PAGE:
We Nailed U-515!

By DeNardo, Frank P. | Sea Classics, August 2012 | Go to article overview

We Nailed U-515!


DeNardo, Frank P., Sea Classics


American sailors could never predict how Hitler's U-boat crewmen would react when being captured

Fighting Hitler's U-boats was a dangerous and risky business and neither the hunter nor the hu hunted ever really knew what to expect. Most Uboats went down under a barrage of depth charges without ever surfacing. As a result, especially in 19421943, seldom were there any survivors from sunken U-boats. But by 1944, the "Happy Days" (Paukenslag) of the U-boat's successes in sinking Allied shipping were only a dim memory as Allied anti-submarine tactics grew in both number and sophistication.

The appearance of roving Allied hunter-killer groups of warships built around escort carriers sealed the doom of Hitler's submariners as more and more U-boats were caught and sunk. U-boats caught on the surface by Naval aircraft were often badly damaged by HVAR, machine guns, and depth charges. Their sieved boats fast going down beneath them, crews could abandon ship and save their lives rather than die in their steel tombs as was the fate of more than 70% of Hitler's U-boat crews.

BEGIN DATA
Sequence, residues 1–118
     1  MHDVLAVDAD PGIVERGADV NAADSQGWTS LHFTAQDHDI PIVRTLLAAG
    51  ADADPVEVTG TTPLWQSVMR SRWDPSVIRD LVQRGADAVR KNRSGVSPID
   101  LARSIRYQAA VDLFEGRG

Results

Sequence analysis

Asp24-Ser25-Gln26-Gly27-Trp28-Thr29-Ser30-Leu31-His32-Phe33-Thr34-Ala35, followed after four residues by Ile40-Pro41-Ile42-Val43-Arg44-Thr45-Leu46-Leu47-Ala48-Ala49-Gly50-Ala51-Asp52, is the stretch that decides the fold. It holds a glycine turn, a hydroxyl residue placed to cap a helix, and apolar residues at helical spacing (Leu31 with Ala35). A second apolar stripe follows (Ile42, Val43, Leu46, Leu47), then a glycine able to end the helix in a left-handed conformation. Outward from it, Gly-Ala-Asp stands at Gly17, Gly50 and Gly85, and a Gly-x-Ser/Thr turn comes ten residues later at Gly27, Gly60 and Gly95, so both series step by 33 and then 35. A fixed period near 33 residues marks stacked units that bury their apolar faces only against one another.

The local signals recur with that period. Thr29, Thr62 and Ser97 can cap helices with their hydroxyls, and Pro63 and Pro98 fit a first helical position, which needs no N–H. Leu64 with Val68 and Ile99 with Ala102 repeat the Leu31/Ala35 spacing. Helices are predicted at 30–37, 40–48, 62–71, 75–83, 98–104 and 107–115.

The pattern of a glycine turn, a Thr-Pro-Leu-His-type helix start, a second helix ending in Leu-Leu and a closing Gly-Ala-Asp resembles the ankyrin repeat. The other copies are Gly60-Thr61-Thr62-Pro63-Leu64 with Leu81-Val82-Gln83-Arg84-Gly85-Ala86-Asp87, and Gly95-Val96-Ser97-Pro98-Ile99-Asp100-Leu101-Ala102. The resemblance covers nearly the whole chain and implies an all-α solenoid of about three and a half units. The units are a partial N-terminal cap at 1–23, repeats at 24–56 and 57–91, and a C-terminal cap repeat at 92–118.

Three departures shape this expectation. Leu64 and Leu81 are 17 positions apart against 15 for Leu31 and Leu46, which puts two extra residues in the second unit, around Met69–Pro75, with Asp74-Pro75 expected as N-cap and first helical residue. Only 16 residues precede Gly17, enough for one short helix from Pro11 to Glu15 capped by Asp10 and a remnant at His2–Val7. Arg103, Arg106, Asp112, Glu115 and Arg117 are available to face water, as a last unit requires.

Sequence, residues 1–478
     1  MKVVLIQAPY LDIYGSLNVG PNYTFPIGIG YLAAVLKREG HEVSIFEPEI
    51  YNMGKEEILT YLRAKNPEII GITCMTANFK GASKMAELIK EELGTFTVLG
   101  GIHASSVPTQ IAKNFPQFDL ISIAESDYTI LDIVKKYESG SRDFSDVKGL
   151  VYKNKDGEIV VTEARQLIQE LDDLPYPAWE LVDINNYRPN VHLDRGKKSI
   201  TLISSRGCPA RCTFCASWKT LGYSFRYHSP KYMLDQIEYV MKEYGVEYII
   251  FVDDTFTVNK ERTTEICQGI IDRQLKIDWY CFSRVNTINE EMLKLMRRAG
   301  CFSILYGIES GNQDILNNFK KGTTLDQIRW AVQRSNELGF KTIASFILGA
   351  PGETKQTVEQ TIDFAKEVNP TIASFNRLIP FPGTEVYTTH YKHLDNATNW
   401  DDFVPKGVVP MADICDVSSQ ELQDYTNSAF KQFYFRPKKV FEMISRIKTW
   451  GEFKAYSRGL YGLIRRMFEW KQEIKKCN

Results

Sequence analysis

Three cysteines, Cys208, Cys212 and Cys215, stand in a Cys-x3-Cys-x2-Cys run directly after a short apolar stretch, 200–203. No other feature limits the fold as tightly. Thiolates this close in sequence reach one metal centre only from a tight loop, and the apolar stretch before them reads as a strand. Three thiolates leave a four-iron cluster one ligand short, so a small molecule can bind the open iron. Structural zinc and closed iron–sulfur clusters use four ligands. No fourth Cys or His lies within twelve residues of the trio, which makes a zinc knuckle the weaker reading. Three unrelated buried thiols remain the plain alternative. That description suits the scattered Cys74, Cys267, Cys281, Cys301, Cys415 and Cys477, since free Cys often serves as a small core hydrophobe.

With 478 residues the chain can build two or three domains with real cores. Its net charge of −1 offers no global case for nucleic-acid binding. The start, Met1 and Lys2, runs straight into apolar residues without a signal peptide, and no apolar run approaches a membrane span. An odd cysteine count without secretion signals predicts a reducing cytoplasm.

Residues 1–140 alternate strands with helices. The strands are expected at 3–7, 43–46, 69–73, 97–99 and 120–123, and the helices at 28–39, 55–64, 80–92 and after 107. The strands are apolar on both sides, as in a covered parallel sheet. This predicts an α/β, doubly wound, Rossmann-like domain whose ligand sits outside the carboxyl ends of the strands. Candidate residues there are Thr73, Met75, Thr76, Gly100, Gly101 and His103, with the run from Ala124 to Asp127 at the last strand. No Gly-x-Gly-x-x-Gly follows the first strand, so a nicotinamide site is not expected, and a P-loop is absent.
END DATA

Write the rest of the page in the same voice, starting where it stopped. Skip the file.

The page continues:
The result was that increased numbers of German submariners, some of whom were Nazi zealots, were captured at sea and sent to prisoner of war camps in the United States. Most of those fished from the sea by Allied warships were simply glad the war was over for them and posed no further threat to their captors. But every now and again, the American bluejackets encountered a German who had no intention of giving up the fight. This is the saga of how one sailor handled the situation with the restive captain of captured U-515:

"Our group was called a hunter-killer group. It consisted of the baby flattop carrier USS Guadalcanal [CVE-60), and the destroyer escorts USS Pillsbmy [DE133], USS Châtelain [DE-149], USS Flaherty [DE135], USS Pope PE-134], and the USS Nunzer [DE-150].

"Our first tour was off the French West African Coast. It was for three-months and our job was to search and destroy enemy submarines preying on Allied shipping. During this tour, we sunk the German submarine U-68 with all hands except one and recovered two torpedoes with dummy warheads. This was Easter Sunday.

"The day before, the USS Châtelain attacked a submarine with depth charges and forced it to the surface some 75-yds away from the ship. As she broke the surface, the German sailors manned their deck gun and began firing at us. We fired back and cleaned them off the gun. They scuttled their submarine and dove overboard, abandoning her. A fighter plane from the USS Guadalcanal dove in and placed a bomb right in her conning tower. She went down. We immediately began to pick up survivors from the water. …

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